I am very concerned about the editorial "Effective Recruiting" in the March 21 Daily Tar Heel. I have always hoped, and even prayed, for the day when police are no longer needed in society, a time when every citizen may breathe easy knowing they have nothing to fear.
But apparently others do not share my hope for such a society. "Becoming a police officer is not simply a job -- it is a calling." Are you serious? What life goal is being fulfilled in the daily routine of butting in on others' faults, carrying a weapon that has the power to kill or judging others when the Bible forbids it? I guess any self-righteous, power-hungry, authoritarian person would see things differently.
"... not enough new recruits to fill in the gaps, thus diminishing the ... effectiveness of the police department." I have always been told that one person has the power to change the world. Should we sleep better knowing that there is a highly trained, highly connected, highly armed group of individuals who are given the power to do whatever they want? Citing "the omnipresent possibility of danger" as a reason for the declining police force seems like nonsense. In today's society, it seems more and more individuals are opting to do more dangerous activities to make up for their boring lives.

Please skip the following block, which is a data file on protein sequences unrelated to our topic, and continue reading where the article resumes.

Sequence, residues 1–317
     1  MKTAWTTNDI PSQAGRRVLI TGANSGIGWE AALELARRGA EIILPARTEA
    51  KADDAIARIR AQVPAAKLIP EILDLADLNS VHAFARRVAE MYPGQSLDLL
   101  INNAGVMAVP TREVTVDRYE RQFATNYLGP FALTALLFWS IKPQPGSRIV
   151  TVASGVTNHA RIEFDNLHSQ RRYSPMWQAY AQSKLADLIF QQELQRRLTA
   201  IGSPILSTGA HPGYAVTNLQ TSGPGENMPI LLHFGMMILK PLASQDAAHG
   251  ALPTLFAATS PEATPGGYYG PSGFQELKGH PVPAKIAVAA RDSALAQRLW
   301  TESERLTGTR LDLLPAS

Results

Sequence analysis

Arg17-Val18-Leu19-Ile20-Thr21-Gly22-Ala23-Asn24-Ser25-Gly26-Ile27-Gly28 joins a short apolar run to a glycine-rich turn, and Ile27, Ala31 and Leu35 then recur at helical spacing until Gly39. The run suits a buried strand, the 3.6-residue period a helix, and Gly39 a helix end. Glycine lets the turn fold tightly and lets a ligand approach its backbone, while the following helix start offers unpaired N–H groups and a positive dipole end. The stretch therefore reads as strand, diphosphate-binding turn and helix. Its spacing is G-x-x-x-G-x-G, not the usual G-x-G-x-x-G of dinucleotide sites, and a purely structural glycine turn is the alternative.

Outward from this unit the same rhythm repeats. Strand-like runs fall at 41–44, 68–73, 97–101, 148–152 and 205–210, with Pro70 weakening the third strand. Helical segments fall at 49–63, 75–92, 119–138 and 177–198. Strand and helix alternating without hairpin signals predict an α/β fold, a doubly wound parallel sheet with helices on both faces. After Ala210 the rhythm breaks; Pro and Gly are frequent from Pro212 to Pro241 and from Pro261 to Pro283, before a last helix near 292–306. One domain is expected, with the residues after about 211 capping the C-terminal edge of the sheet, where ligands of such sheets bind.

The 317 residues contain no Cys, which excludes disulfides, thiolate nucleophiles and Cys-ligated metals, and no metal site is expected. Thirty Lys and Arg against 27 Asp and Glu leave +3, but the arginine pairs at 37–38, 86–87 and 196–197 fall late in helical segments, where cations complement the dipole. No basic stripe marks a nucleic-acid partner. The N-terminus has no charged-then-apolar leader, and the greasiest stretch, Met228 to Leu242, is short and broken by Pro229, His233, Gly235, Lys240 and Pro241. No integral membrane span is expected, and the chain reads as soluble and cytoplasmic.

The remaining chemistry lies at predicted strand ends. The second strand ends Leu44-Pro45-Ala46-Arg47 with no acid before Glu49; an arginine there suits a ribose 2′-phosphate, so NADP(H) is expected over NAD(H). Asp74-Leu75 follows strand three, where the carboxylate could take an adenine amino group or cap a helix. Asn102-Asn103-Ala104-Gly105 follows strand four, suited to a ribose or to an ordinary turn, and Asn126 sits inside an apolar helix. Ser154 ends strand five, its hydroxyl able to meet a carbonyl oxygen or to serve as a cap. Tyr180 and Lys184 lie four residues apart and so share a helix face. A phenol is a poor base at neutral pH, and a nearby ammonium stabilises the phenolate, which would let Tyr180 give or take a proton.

I think the portrayal of police brutality, corruption, bribery and lawlessness within departments is changing public sentiment and disgusting many in a way that makes it hard for kids to say, "I want to be a cop when I grow up!"
Finally, the tactics employed by the Greensboro Police Department are eerily similar to recruiting tactics used by the armed services. And what do both of these collectives have in common? The use of weapons to maintain the status quo.
Damn, freedom doesn't seem so free after all. Oh, I forgot. This is The Daily Tar Heel: newspaper of the elite few who go on in hopes of continuing the status quo, in an attempt to make themselves rich!
I guess if you have that much wealth, someone has to protect it for you.
To get the day's news and headlines in your inbox each morning, sign up for our email newsletters.